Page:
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In 2020, the top three discussion topics ‘beyond investments’ for families were family wealth, family governance, and regulatory aspects. This year, family wealth-related topics and family governance continue to hold the top spots, with 26 per cent and 25 per cent respectively. However, health has replaced regulatory aspects as the third most important topic, with 19 per cent of respondents citing it as the most important topic for their clients. This rise is the biggest of any of the topics and indicates that the increased focus on health in recent months has translated directly into the discussions that our clients are having with their advisors. We expect to see this trend continue with families and individuals placing greater focus on jurisdictions with solid healthcare systems when it comes to choosing where they spend their time. Solid infrastructure and public services have taken on a new importance, particularly for multi-generational families, who will often have more at risk members within their ranks. 

The continued dominance of family governance is to be expected and we predict that this will continue to be one of the main discussion points within global families for years to come. We are living in a time of  unprecedented global wealth creation, and while this increase of wealth brings an increase in opportunities – the possibility to live in multiple locations, send your children to schools abroad, and operate your business internationally – each new opportunity adds an additional level of complexity. The best way to counter this growing complexity is with a clear framework for how the family operates, yet according to our experts they only see this type of formalised governing body in roughly one in ten ultra-high-net-worth (UHNW) families. Family governance is key to ensuring the financial and personal happiness of today’s complex families, and as the focus within these families shifts towards protection, preservation, and preparedness in the wake of the health crisis, we expect to see interest in family governance grow in the years to come.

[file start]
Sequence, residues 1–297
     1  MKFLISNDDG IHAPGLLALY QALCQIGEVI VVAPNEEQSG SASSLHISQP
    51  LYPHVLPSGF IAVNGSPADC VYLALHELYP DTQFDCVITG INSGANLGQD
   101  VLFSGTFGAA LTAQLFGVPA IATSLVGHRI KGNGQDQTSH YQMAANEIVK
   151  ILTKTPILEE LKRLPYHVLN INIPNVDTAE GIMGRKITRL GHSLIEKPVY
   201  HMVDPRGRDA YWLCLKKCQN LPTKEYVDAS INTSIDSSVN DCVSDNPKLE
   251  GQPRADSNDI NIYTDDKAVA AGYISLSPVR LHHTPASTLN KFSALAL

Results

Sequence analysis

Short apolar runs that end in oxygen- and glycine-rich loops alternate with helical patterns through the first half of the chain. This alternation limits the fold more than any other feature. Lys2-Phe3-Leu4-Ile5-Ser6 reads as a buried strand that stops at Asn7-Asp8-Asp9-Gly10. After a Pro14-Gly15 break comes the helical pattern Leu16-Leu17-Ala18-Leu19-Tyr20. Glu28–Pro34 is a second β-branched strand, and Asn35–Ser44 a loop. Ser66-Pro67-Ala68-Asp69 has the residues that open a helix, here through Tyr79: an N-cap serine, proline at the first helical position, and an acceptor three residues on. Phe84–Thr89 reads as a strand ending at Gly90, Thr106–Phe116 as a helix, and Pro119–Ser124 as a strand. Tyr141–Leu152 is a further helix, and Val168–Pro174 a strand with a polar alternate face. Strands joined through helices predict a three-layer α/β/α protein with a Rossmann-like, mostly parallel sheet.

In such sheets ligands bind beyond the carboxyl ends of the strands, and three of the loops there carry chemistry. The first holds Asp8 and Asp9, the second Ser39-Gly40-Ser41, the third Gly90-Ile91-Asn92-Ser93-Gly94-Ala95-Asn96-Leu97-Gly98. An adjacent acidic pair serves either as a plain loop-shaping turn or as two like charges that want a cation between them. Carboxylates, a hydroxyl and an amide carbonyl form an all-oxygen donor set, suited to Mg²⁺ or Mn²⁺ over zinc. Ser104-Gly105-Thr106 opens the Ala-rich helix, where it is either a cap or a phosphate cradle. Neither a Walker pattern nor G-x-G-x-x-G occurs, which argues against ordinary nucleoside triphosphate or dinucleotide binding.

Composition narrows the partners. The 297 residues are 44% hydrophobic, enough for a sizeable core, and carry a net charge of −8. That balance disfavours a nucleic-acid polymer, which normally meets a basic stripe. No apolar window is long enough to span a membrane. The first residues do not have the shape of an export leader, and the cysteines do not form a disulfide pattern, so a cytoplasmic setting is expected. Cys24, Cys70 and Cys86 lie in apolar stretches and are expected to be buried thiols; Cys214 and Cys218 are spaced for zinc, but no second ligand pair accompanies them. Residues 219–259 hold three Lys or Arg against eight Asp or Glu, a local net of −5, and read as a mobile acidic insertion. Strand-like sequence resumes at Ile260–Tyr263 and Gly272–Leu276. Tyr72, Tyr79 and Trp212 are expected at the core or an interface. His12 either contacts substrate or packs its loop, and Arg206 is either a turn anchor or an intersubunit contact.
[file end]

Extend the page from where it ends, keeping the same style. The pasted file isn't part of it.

Wealth-related topics include philanthropy, succession planning, and wealth structuring. Within this category, which has topped the ranking of important topics beyond wealth in this year’s Barometer, we have seen philanthropy in particular growing in importance. Although it has been popular for a long time, thanks to the increased focus on helping others in the past year and the growth in sustainable and impact investing, demand for wealth and philanthropy solutions that combine good returns and doing good has never been higher.

More for your money
When it comes to investment topics, the pandemic has had less of a direct impact, with investment behaviour remaining relatively unchanged. Our surveyed experts have, however, seen an acceleration of existing trends and a shift in priorities here too. The Barometer results show a sharp increase in interest in Direct Private Investments over the past five years, culminating in them ranking first in the list of investment discussion topics in 2021.